Above from When I Grow Up And Other Mantras.
In 1971 Doug Henning received an invitation from the Canadian Broadcasting Corporation to perform Christmas shows for troops stationed “400 miles from the North Pole.”
“At one point on the tour, they asked if I would like to do a show for a group of Inuit’s [Eskimos]. … I set up me show in a little building, and the Inuit’s came in to watch. They sat on the floor in their parkas, and I did what I thought was some pretty good stuff. They just sat there, didn’t smile, didn’t say a word and, at the end, nobody applauded. But they were completely focused on me, like I was some sort of phenomenon. Only one of them spoke English, so I asked him, “Did you like the show?”
“Yes, we like the show,” He said.
Then I asked, “Did everyone like the magic?”
He said, “The magic?”
I explained that I was trying to entertain people.
He said, “Entertainment is good, but why are you doing magic? The whole world is magical…” We sat down on the floor and he told me “It’s magic that the snow falls, all those little crystals are completely different… that’s magic.”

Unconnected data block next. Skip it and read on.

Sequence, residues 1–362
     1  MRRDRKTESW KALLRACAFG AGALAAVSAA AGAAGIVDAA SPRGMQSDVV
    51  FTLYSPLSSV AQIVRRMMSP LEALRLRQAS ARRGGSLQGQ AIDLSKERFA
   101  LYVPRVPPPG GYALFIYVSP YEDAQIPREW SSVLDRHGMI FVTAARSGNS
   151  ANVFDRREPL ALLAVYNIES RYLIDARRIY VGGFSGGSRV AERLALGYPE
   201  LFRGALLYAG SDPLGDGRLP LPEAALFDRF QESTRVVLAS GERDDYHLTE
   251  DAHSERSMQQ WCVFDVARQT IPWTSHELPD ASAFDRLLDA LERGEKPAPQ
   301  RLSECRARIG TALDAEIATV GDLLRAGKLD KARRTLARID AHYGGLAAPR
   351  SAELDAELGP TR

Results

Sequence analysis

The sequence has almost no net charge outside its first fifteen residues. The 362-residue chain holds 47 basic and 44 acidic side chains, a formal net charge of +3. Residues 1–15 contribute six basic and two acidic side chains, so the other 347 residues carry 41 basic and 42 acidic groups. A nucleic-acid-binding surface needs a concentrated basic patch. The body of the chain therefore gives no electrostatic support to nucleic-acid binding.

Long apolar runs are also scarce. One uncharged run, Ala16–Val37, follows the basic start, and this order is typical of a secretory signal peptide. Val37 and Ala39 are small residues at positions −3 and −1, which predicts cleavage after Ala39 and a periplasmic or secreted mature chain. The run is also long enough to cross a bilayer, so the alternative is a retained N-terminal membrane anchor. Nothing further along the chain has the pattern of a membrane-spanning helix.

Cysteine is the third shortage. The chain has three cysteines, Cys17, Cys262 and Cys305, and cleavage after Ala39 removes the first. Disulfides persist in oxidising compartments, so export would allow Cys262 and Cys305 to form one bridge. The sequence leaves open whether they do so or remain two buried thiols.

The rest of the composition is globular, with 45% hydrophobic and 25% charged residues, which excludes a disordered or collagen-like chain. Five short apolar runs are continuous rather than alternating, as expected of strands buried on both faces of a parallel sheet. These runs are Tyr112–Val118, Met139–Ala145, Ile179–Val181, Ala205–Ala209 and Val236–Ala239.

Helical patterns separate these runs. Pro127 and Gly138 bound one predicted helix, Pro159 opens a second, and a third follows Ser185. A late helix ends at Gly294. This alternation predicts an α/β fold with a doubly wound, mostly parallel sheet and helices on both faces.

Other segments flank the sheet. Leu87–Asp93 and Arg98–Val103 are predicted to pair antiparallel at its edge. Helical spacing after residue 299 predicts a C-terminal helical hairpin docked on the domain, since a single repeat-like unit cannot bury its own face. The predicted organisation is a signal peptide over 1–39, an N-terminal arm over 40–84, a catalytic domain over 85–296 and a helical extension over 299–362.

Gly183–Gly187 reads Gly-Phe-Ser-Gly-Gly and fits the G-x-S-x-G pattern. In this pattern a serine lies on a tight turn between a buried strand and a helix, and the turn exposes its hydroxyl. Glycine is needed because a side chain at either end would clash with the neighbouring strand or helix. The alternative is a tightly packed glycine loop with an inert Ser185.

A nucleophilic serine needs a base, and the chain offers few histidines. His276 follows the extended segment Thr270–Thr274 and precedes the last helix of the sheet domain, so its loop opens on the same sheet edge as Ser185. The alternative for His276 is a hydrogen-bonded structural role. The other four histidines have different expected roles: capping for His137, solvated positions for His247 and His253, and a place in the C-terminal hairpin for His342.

Now I was gasping, trying to explain magic to him. I thought of my “Zombie,” which I thought was my best thing. I said, “I made that beautiful silver ball float in the air… That’s magic.”
“Then the Inuit’s started talking among themselves. The man came to me with a big smile on his face, and said, “Now, we know why you’re doing that. It’s because your people have forgotten the magic. You’re doing it to remind them of magic. Well done!””
“I cried right then… I said, “Thank you for teaching me about the magic. I didn’t know.”
That was really the first time I knew what wonder was. It was the most memorable thing that has ever happened to me. I never forgot that, inside. That’s why I became a magician.””
Doug returned home and abandoned plans for medical school.
And, now you know why there is a Pink Buddha.